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Bike Tour 2012: Montana, our gateway to Yellowstone

Bike Tour 2012: Montana, our gateway to Yellowstone

Bike Tour 2012: Montana, our gateway to Yellowstone

Relaxing into a long rideA few interesting facts from the first third of our trip:
Days on the bike: 20
Map miles completed: 1,319
Actual miles completed: 1,444
Layover days: 3 (Smith Rock, Missoula, West Yellowstone)
Average daily speed: 11.7 mph
Average daily mileage so far (map): 66
Actual average daily mileage so far (actual): 72
Fastest speed achieved: 40.08 mph (down Badger Pass into Twin Bridges, MT)
Days spent in smoke: 12 out of 23
Longest day of riding: 89.5 miles (Council, ID to White Bird, ID)

Today we are enjoying a restful day off in West Yellowstone, Montana. Unlike our last layover day in Missoula, we are making sure to spend most of this day in bed, on the phone with friends and family, off of our feet, and out of our saddles. We are lucky enough to have a cute cabin as our accommodation (thanks to my wonderful mother), which provides us with ample opportunity to shower, watch T.V., and veg out. It is delightful!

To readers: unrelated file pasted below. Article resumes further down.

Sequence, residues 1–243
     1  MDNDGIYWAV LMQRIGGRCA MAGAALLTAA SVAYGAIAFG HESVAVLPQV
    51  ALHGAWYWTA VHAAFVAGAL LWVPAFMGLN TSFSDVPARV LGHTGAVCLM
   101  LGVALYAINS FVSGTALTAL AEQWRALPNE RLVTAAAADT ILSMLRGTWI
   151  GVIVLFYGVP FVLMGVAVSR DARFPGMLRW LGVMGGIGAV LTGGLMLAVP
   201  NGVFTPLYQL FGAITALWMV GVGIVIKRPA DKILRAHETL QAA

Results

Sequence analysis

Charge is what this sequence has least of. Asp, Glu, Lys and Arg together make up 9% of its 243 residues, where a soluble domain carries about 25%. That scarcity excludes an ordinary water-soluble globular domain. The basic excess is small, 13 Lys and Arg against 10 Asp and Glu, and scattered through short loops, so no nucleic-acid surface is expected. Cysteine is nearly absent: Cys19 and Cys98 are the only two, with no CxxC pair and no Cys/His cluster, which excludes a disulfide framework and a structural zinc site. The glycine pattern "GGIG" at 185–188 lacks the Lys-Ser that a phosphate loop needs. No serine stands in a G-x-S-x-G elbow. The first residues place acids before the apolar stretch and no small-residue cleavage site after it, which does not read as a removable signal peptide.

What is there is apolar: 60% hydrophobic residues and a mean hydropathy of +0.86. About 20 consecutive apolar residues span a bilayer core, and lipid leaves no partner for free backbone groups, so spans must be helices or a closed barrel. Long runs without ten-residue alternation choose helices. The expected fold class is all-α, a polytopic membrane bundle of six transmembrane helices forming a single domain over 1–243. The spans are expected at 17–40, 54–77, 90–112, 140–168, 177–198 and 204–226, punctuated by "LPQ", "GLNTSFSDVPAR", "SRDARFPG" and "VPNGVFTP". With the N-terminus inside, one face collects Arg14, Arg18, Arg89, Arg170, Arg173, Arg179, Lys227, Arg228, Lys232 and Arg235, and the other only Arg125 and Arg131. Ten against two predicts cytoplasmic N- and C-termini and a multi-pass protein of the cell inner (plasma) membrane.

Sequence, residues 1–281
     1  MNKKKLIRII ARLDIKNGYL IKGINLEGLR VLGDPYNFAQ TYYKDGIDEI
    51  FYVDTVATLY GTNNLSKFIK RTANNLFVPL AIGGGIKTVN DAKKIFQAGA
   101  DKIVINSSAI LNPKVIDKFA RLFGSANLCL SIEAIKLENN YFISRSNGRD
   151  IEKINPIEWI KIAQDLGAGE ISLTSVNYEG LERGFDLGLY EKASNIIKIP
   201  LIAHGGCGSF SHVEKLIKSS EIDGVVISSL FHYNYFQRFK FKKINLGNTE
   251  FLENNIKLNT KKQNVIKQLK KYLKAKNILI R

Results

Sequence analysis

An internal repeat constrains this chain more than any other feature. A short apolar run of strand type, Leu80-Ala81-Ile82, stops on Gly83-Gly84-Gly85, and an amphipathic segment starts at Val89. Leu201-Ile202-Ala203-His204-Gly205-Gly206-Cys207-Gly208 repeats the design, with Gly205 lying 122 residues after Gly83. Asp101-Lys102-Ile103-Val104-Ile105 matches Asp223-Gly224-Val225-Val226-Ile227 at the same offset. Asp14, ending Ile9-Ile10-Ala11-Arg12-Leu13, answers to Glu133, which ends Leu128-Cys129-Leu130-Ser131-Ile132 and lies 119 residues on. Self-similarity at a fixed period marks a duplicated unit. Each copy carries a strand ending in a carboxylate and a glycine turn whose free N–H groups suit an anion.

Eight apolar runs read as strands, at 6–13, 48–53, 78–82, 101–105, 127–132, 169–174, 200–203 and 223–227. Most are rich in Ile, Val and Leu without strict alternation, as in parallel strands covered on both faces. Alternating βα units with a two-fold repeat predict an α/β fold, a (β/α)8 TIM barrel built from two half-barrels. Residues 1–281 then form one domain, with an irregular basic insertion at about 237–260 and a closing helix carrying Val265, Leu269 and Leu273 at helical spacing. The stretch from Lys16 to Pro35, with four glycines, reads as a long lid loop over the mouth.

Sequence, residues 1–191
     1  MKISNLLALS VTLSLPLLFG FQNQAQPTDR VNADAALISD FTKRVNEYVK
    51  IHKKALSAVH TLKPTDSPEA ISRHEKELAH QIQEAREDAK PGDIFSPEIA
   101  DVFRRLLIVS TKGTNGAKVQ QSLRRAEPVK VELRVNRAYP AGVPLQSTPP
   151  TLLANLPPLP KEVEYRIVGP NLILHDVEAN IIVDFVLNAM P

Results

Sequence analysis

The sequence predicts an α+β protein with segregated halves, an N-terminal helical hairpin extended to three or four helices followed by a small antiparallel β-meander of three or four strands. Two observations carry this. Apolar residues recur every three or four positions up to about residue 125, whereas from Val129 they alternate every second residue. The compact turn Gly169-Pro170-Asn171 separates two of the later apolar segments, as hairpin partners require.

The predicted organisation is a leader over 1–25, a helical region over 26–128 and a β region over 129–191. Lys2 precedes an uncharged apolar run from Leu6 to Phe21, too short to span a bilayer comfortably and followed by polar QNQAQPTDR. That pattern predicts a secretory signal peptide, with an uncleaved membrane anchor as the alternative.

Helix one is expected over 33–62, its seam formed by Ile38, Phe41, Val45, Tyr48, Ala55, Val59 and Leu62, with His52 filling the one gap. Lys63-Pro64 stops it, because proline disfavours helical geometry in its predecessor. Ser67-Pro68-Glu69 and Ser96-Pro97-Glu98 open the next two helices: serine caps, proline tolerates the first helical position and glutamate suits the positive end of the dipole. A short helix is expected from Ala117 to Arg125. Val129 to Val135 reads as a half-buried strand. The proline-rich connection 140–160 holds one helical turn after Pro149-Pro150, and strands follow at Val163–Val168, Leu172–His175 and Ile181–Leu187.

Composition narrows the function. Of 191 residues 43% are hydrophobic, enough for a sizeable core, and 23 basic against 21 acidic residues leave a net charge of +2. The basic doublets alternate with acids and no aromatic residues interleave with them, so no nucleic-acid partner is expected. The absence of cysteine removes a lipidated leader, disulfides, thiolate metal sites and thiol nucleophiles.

The last six days seem to have flown by. Our day in Missoula was packed full of running errands, working on bikes, and trying to prepare for all that was still to come. We found this great bike shop called “Free Cycles” where Don got to spend the afternoon tuning up our bikes. The space is a non-profit provided for the community and people can spend time there doing anything from building themselves a bike from scratch to borrowing tools and stands to do their own repairs. It is an excellent idea and one that I am sure Portland will eventually get around to emulating. The next morning before taking off we made sure to stop in at the Adventure Cycling Association headquarters, where we took photos, immortalized our unique story in a couple different guest books, and enjoyed viewing photos of a number of other cyclists whom had stopped through before running into us somewhere in Idaho.